(This is the latest in a weekly series of 50 Tr-Ash Talk blogs discussing the dangers of coal ash. Earthjustice hopes that by December 2011, the third anniversary of the TVA coal ash spill, the EPA will release a coal ash rule establishing federally enforceable regulations ensuring the safe disposal of this toxic waste.)

The average home value in Round O, South Carolina, is just above $66K. The average household income is below $30K. And now, according to an article in a local newspaper, a power company plans on building a site to store toxic coal ash from its coal plant nearby.

Is it coincidental that these impoundments are often built near low-income communities? We think not. It’s a known phenomenon that low-income and people of color neighborhoods across the country face disproportionately high levels of air and water pollution and exposure to toxic waste and other health hazards because federal environmental laws often are not fairly enforced. And sadly, Round O, fits the profile.

While we wait on the EPA to release a federally enforceable coal ash rule that would ensure the safe disposal of this toxic waste, President Barack Obama has signed an executive order that aims to achieve "balance" in federal regulations -- between ensuring public health and safety and promoting economic growth.

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13 January 2011, 2:46 PM
Congresswoman circulates letter opposing resolution attacking cement rules

Last week, this time, Earthjustice was responding to news of a resolution introduced by Rep. John Carter (R-TX), seeking to block important clean air protections. Using the Congressional Review Act, Rep. Carter aims to undo protective health standards that will reduce mercury and other toxic emissions from cement plants. If successful, Rep. Carter's resolution would strip health protections from thousands of people who suffer from respiratory and other health ailments caused by cement plants' pollution.

But today, we’ve found an ally in Rep. Janice D. Schakowsky (D-IL), who submitted a letter to her congressional colleagues disavowing this effort.

Rep. Schakowsky calls on her colleagues to oppose Carter's resolution, emphasizing this important point: "I urge you to protect children’s health…" Rep. Schakowsky's letter details the many health benefits of cleaning up polluting cement plants, including the prevention of 2,500 premature deaths and reduction of health care costs by as much as $18 billion every year.

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12 January 2011, 2:17 PM
Scientists Allege EPA Underestimated Risk

(The following is the first in a weekly series of 50 upcoming Tr-Ash Talk blogs discussing the dangers of coal ash. Earthjustice hopes that by December 2011, the third anniversary of the TVA coal ash spill, the EPA will release a coal ash rule establishing federally enforceable regulations ensuring the safe disposal of this toxic waste.)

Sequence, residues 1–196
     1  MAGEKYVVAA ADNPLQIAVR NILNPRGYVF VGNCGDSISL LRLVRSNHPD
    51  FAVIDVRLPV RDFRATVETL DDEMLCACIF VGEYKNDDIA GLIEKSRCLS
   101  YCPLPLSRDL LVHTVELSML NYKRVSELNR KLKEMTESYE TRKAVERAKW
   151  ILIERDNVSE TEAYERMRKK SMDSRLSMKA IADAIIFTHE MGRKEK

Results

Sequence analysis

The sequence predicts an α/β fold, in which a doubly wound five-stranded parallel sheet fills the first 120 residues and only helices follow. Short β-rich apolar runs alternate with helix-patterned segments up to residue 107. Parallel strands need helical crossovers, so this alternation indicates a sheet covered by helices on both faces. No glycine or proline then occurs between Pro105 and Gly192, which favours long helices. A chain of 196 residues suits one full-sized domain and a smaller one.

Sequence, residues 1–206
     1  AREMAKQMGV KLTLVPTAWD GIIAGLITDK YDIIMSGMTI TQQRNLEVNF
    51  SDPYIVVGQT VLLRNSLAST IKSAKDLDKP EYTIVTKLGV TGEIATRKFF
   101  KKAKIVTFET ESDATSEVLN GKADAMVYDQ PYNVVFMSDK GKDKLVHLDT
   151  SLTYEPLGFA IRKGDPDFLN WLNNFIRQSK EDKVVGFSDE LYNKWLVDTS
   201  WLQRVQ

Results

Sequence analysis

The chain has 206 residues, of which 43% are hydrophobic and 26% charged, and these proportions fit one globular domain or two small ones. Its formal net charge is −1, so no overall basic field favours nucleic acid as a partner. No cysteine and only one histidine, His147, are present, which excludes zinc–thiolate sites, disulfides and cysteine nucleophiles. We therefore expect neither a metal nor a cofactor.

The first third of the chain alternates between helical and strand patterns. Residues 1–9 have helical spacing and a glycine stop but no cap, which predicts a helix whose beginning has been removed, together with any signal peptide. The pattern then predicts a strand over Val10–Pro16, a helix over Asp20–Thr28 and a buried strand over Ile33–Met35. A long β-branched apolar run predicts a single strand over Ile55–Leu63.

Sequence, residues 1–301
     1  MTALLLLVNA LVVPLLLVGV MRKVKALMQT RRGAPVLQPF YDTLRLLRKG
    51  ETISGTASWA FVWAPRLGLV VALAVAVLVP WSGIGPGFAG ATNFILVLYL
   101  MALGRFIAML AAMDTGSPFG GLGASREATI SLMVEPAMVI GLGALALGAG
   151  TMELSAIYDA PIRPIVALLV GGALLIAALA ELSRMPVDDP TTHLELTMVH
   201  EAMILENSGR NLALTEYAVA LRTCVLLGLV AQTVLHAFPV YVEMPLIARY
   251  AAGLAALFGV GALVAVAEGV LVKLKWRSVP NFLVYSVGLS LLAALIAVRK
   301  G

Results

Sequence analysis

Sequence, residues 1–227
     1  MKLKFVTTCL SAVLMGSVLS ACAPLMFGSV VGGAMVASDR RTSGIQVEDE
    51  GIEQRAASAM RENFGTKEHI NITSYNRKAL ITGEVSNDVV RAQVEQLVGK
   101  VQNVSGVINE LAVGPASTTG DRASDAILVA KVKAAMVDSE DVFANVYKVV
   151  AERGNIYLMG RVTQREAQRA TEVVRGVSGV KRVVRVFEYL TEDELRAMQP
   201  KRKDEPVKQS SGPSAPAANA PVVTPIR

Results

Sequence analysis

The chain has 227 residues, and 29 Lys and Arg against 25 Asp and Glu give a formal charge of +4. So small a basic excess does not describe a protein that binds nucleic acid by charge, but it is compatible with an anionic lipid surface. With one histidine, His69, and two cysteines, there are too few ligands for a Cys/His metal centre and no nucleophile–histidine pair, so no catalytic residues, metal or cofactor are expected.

Arsenic, one of the most potent poisons known to man, is found in coal ash. It is well documented that coal ash leaks dangerous quantities of arsenic to drinking water when dumped in unlined pits and ponds. In fact, in an EPA analysis the agency acknowledges that people living near unlined coal ash ponds can face as much as a one-in-50 chance of getting cancer from drinking water contaminated by arsenic. This risk is 2,000 times greater than the EPA’s goal for reducing cancer risk to one-in-100,000. Yet, four renowned arsenic experts found that this EPA risk assessment underestimates the risk of cancer from arsenic by a factor of over 17 times.

In a letter to EPA, medical toxicologist Dr. Michael Kosnett along with three senior scientists explain that the EPA relied on an outdated “cancer slope factor” (CSF) that is 17.3 times less than the updated CSF for arsenic. The scientists therefore recommend revision of the EPA’s risk estimates.

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11 January 2011, 3:17 PM
Predicts that this year no overfishing will happen
Herring school

Oceans scientist Steve Murawski has got some good news for our fishermen clients in New England: there may be more fish to catch next year. If you remember, many fishermen had to retire their nets because of too few fish.

In an Associated Press report, Murawski heralds the end of overfishing as a result of a new fishing management system in the Northeast. Last year, New England had 10 fishing stocks that were being overfished. Now, two-thirds into the current fishing year, aside from one stock, federal data show that New England fishermen are on target to catch fewer than the allotted number of fish.

"And this isn't just a decadal milestone, this is a century phenomenon," Murawski is quoted saying. The story continued that this trend "signals the coming of increasingly healthy stocks and better days for fishermen who've suffered financially."

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29 December 2010, 12:21 PM
EPA grossly inflates the cost of coal ash recycling

Just last week we marked the two-year anniversary of the Kingston, TN TVA coal ash spill. Today, Earthjustice, the Environmental Integrity Project and Stockholm Environment Institute’s U.S. Center have released an analysis of an analysis: basically the EPA overinflated (by 20 times!) the values for coal ash recycling. The EPA claims that coal ash recycling is worth more than $23 billion a year, but the government’s own data shows that this number is actually $1.5 billion. Apparently this inflated number is holding up coal ash regulations due to the fear that stricter standards will depress markets for coal-ash recycling.

Earthjustice and the other advocacy groups are fearful that the EPA will be intimidated into adopting weak coal ash rules (there are two being proposed) based on these inaccurate numbers. The discrepancy is due to many factors, including double counting pollution reductions and overstating emission levels from cement kilns. Here is what Earthjustice staff attorney Abbie Dillen had to say: